Equitable access to the Internet should be a top priority for Toronto’s mayoral candidates

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Toronto’s municipal election has been a roller coaster with wild ups and downs involving the premier Doug Ford, the Supreme Court, and a tight mayoral race With all the politics and controversy swirling around, I’m hoping the primary purpose of all this - to improve our city - isn’t getting lost.   

I love Toronto and I’m proud to call it my second home, but transit can be better (understatement), our roads need improvement, housing costs are out of control, gun violence is on the rise, and I’d be lying if I said I always feel safe biking downtown.

One pressing issue I haven’t heard any candidates discuss, at a councillor level or mayoral, is the extremely expensive and unreliable Internet access plaguing our households, businesses, and schools.    

CPC advises municipalities on why and how to build municipal fibre-optic and wireless networks. We regularly prepare business cases, business plans, marketing plans, project plans and funding applications for our clients. Toronto may be exploding in the tech scene, but we know not everyone has equitable access.

Just imagine if every Torontonian had equitable access to the Internet. This translates into an affordable and accessible fibre-optic connection, a WiFi connection and a LTE/5G connection to the Internet. Equitable access to the Internet is increasingly a determinant of one’s equal access to healthcare, education, government and market places.

If you’re going to find a job, start a business, connect to your enterprise network, receive a healthcare consult, take a university course, upload your high school homework or pay your taxes, you actually have a Charter Right to an equitably performing and affordable Internet connection, even though you don’t know it.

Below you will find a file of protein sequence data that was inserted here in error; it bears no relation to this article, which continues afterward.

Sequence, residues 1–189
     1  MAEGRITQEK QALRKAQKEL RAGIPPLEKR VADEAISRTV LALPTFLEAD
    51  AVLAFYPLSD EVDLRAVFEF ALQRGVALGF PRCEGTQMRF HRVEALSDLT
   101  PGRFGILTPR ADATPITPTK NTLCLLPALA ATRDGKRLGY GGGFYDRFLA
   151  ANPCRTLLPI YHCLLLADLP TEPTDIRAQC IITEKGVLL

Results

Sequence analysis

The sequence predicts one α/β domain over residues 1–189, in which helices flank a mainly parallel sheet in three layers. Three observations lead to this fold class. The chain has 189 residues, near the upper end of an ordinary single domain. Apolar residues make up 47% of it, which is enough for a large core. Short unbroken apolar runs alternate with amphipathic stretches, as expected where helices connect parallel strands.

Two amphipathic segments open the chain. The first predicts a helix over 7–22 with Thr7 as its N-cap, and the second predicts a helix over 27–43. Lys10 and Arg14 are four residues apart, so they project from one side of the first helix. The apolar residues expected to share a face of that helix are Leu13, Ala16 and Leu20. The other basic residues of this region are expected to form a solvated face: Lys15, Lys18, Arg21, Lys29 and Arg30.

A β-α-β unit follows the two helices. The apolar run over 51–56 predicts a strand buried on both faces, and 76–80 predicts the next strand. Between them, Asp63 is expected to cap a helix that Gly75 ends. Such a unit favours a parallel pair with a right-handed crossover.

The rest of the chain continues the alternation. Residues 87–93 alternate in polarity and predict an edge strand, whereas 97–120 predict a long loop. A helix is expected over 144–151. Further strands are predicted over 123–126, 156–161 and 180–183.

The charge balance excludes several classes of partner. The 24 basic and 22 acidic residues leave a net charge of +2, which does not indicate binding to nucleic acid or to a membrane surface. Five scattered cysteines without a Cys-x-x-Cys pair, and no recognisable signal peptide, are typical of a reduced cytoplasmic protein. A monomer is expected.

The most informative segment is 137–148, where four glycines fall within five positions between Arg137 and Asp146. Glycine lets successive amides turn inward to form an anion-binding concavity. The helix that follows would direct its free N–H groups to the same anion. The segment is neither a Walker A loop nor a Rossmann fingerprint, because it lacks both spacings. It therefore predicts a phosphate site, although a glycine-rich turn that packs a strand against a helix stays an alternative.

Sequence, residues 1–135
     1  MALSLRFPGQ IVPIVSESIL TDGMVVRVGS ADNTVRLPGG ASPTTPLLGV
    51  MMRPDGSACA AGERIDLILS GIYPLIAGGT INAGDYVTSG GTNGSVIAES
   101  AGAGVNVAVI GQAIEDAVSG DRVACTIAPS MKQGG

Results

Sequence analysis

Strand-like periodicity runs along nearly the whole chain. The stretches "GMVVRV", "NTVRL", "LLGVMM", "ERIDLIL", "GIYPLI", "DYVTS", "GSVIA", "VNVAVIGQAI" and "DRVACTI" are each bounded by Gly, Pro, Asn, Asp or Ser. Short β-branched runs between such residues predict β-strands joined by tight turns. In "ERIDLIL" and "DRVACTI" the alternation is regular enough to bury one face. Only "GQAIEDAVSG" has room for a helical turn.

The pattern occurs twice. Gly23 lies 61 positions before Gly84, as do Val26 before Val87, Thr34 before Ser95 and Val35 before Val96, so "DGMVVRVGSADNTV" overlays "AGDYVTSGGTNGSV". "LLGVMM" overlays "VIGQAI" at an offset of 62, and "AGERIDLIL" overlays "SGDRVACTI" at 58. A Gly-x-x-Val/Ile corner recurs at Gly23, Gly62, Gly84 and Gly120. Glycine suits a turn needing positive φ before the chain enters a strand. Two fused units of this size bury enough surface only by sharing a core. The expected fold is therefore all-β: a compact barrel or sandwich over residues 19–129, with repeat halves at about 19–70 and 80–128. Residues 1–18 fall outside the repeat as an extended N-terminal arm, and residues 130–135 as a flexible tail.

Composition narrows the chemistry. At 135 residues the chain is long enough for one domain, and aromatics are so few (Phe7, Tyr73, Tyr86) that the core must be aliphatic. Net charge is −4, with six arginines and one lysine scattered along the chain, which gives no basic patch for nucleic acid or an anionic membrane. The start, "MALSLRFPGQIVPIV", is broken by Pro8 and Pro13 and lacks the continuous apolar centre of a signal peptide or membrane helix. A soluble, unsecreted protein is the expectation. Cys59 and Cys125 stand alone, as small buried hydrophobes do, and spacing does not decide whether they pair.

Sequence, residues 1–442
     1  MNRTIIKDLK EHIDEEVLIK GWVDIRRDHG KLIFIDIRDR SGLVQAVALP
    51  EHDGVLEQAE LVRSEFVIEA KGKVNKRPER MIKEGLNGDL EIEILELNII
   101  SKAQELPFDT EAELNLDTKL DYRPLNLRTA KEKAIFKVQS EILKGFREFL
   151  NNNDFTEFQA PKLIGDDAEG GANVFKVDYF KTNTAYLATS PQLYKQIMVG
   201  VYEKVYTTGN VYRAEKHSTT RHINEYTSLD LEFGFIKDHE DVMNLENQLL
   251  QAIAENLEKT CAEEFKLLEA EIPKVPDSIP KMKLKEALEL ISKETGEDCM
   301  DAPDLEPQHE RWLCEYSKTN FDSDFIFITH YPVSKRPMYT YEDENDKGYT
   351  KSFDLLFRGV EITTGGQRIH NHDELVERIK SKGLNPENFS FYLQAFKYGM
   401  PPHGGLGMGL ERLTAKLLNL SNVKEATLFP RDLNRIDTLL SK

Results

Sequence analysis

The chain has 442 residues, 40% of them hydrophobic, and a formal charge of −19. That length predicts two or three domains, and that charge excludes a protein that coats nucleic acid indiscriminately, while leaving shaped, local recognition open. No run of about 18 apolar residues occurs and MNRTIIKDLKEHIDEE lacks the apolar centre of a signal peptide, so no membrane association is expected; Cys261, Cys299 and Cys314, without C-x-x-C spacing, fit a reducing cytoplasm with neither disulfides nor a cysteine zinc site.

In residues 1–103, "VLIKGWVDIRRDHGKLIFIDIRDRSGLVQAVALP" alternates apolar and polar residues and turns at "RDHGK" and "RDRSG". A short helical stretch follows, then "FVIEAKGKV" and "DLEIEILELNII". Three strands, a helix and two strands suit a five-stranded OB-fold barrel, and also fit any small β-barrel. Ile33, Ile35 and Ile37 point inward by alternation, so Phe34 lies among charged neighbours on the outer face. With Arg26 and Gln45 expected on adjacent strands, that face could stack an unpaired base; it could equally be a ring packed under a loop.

For so many of our socio-economically or physically and mentally challenged citizens, equitable access to the Internet is a pipe dream because incumbent telecom companies are investing in higher income neighbourhoods with the “right” demographic profiles. For this reason, many of our businesses and public sector organizations can’t compete with their better connected global peers in places like Barcelona, Stockholm, Singapore and San Jose.

Equitable access to the Internet for everyone translates into huge capital and operating savings for the City of Toronto. For example, equitable Internet access means people travel less from the suburbs to downtown or across town because they don’t have to do so to meet their peers, customers or suppliers in person as often. This lowers greenhouse gas emissions and results in less wear and tear on roads and transit infrastructure. Longer life spans for transportation infrastructure means lower costs for the City of Toronto.  

Connected traffic signals and street lights provide better security and more efficient centrally managed transportation, improving transit, traffic management, and street parking, thereby reducing congestion. Intelligent street infrastructure can decrease GHG in downtown metros by approximately 30%. This also equals better navigation for EMS and police, which saves lives and money, and it leads to higher productivity too because citizens aren’t sitting in traffic for half of their lives.

Access to reliable, affordable, high-speed Internet affects us all in ways that you may not even know, which is why I’d like to see ubiquitous and equitable access to the Internet for every Torontonian be a priority in the mayoral platforms.

Campbell Patterson